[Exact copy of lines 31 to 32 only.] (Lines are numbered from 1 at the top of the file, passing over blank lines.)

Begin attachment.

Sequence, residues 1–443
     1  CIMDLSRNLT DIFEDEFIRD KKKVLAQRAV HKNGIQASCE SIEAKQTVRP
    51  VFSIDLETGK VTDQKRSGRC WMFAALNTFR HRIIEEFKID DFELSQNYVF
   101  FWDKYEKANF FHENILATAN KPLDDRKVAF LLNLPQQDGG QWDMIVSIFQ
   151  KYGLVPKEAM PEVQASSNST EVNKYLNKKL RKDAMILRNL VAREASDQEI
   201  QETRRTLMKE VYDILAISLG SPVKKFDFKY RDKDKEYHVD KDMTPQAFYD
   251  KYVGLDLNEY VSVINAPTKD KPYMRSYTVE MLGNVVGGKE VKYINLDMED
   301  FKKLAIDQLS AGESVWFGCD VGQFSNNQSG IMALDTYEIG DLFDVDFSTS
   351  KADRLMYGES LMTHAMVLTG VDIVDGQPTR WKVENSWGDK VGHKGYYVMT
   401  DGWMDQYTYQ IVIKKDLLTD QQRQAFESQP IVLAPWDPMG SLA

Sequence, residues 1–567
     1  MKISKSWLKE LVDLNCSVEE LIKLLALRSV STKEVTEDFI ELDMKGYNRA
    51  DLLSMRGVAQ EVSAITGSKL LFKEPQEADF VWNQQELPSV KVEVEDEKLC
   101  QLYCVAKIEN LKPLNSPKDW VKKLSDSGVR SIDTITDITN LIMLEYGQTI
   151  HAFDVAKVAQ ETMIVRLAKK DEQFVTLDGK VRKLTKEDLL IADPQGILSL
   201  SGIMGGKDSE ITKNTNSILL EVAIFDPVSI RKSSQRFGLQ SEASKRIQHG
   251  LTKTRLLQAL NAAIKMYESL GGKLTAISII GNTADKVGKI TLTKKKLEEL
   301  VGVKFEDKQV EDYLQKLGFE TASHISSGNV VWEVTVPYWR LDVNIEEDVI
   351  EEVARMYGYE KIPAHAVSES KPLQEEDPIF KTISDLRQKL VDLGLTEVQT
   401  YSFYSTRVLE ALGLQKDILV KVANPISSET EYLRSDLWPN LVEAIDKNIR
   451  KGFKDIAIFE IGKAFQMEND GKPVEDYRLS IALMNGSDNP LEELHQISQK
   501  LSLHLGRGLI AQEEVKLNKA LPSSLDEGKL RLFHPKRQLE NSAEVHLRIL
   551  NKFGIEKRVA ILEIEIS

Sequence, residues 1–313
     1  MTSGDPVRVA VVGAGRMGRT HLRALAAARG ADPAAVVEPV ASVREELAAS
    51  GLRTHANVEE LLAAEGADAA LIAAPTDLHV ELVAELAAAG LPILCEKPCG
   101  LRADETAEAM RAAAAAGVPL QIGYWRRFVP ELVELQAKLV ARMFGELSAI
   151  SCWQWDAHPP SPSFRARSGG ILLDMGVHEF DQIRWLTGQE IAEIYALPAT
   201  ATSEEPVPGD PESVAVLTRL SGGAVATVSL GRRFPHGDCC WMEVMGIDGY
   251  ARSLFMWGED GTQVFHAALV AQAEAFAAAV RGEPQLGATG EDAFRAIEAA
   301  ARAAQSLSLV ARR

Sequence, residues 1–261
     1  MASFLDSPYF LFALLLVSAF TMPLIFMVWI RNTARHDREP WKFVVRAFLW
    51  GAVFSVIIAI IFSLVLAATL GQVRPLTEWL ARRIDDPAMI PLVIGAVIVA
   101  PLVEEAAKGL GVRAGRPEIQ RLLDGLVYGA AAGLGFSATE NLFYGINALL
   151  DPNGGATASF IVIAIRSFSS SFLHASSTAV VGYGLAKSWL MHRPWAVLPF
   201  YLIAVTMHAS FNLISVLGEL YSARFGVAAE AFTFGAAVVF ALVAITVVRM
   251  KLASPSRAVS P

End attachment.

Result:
   301  ARAAQSLSLV ARR

Sequence, residues 1–261